Both US and Canada government yields are trading flat to 1bps lower with S&P futures lower (-7.3). The Canadian dollar is trading flat against the US dollar this morning, today’s expected range is 1.3334 – 1.3434.

Source: Bloomberg

Weekly Economic Update

For the week of December 10 – 14

Employment figures crushed expectations in Canada for the month of November. The country added 94.1K new positions against expectations of a mere 10K. This position increase is the largest one month gain since 1976. Digging further into this release unveils another positive fact which is that of the 94.1K positions, 89.9K of them were the more desirable full-time positions. The posting shows resilience in the job market despite the headwinds stemming from an oil crisis. One darker spot of note is wage inflation which fell to a level of 1.5 percent, down from 1.9 percent in the previous month and short of the expected 1.8 percent. The unemployment rate fell to 5.6 percent from 5.8 percent in the prior reading.

Nonfarm payrolls in the United States missed expectations for November with only 155K new positions created, shy of the 198K expected. Average hourly earnings missed expectations slightly on a month-over-month basis at 0.2 percent, but are still in line with the 3.1 percent year-over-year growth that was expected. The unemployment rate in the US remained unchanged at 3.7 percent.

It is shaping up to be a quiet week for data released out of Canada this week with the only potentially market-moving data coming from housing starts and building permits this morning. November’s housing starts are following a posting of 205.9K a month prior. In terms of October’s building permits, today’s reading is following growth of 0.4 percent in September. Data releases will be a bit more exciting out of the United States this week, with releases expected for consumer prices, retail sales and market US manufacturing PMI among others.

The Canadian dollar is currently trading slightly up against the US dollar after a large spike on Friday from stronger than expected jobs data. Todays expected range is 1.3264 – 1.3364.

Source: Bloomberg

Weekly Economic Update

For Week of November 26 – 30, 2018

It will be a relatively slow week for data releases out of Canada until Friday when we will see the release of September GDP figures as well as third quarter GDP figures. Although economist expectations are not available yet, the postings will follow a quarterly annualized GDP posting of 2.9 percent, a month-over-month GDP posting of 0.1 percent and a year-over-year GDP posting of 2.5 percent.

In the United States this week we are expecting releases for wholesale inventories, annualized quarter-over-quarter GDP growth, new home sales, personal income and spending, and new home sales. In addition to these data releases, the FOMC will also be releasing their November 8 meeting minutes on Thursday.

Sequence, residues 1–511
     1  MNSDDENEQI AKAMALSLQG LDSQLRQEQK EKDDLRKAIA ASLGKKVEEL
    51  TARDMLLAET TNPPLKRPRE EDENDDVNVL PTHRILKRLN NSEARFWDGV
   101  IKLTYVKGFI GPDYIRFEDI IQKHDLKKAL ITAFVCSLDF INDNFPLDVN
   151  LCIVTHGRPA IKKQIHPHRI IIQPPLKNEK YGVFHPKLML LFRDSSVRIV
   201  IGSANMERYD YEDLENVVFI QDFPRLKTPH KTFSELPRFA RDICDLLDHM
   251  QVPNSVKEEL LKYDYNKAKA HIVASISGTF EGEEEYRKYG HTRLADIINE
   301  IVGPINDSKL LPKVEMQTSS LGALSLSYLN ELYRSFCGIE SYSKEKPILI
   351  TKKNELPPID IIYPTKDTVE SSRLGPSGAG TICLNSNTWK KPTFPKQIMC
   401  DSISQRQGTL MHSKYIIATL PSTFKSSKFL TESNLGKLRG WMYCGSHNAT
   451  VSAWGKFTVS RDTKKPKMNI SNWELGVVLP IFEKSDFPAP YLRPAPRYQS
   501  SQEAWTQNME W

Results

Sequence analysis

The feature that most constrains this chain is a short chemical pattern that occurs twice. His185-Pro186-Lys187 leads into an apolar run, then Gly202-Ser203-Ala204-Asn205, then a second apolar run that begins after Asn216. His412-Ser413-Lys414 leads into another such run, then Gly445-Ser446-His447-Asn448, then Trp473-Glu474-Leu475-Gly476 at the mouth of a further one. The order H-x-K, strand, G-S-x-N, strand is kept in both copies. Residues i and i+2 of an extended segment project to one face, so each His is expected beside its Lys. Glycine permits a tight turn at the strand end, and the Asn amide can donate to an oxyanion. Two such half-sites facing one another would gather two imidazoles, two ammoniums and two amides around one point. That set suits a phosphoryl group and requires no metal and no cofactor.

Retail sales in Canada beat expectations in September, growing by 0.2 percent when expectations were for zero growth. Excluding autos from this figure brought the growth level down slightly to 0.1 percent. Consumer prices jumped by 0.3 percent on a headline month-over-month basis in October, triple economist expectations. On a year-over-year basis, price growth is sitting at a level of 2.4 percent. The largest contributor on the upside was the transportation category while the largest contributor to the downside was the gasoline category.

The Canadian dollar is currently trading up against the US dollar this morning. Todays expected range is 1.3150 – 1.3250.

Source: Bloomberg

Weekly Economic Update

For the week of November 12 – 16

It will be a quiet and short week for data in Canada, with the only market-moving data coming in the form of manufacturing sales and international securities transactions, both of which release on Thursday. We will see a bit more out of the United States this week with releases expected for consumer prices, retail sales and industrial production, among others. Consumer prices are expected to have grown by 0.3 percent on a headline basis during October, three times the speed that was seen in September. On a year-over-year basis, this should put growth at 2.5 percent. Excluding food and energy, growth rates are expected to sit at 0.2 and 2.2 percent respectively.

The string of declines in oil prices has reached eleven business days as priced ended the day down by 0.43 percent on Monday. Prices are down by a further 1.94 percent this morning. Prices shrugged off news that a potential 2019 output-cut could be on the table at an OPEC meeting over the weekend. Crude production the United States was at a record high last week with a level of 11.6 million barrels per day.

The Canadian dollar is currently trading up against the US dollar. Todays expected range is 1.3182 – 1.3282.

Source: Bloomberg

Weekly Economic Update

For the week of August 27 – 31.

shutterstock_242365438.jpgFed chairman, Jerome Powell, made his first speech at the Kansas City Fed’s Annual Policy Symposium in Wyoming on Friday. Powell noted the current path of the gradual interest hikes is FOMC’s approach to balancing the expansion shortening if rates move too fast, or overheating if rates move too slowly. Powell acknowledged although unemployment is low, “there does not seem to be an elevated risk of overheating.” He continued to note estimates regarding academic model usage were at best “hazy” navigational guides, further distinguishing the fact that monetary policy is based on economic performance, and one of the main contributing factors to the conservative approach of gradual rate hikes. The Fed chairman said he expects the economy’s “strong performance will continue” and the “gradual process of normalization remains appropriate.”